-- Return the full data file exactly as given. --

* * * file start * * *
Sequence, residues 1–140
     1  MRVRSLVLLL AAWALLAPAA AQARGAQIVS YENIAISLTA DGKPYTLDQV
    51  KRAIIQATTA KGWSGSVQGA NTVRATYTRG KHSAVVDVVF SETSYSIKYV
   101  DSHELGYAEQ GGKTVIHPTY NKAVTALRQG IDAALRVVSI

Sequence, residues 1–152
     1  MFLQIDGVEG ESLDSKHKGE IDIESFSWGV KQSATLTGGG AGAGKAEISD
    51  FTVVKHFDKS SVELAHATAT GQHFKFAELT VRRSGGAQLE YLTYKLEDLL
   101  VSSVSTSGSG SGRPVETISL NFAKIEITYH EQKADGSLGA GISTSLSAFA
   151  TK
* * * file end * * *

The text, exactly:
Sequence, residues 1–140
     1  MRVRSLVLLL AAWALLAPAA AQARGAQIVS YENIAISLTA DGKPYTLDQV
    51  KRAIIQATTA KGWSGSVQGA NTVRATYTRG KHSAVVDVVF SETSYSIKYV
   101  DSHELGYAEQ GGKTVIHPTY NKAVTALRQG IDAALRVVSI

Sequence, residues 1–152
     1  MFLQIDGVEG ESLDSKHKGE IDIESFSWGV KQSATLTGGG AGAGKAEISD
    51  FTVVKHFDKS SVELAHATAT GQHFKFAELT VRRSGGAQLE YLTYKLEDLL
   101  VSSVSTSGSG SGRPVETISL NFAKIEITYH EQKADGSLGA GISTSLSAFA
   151  TK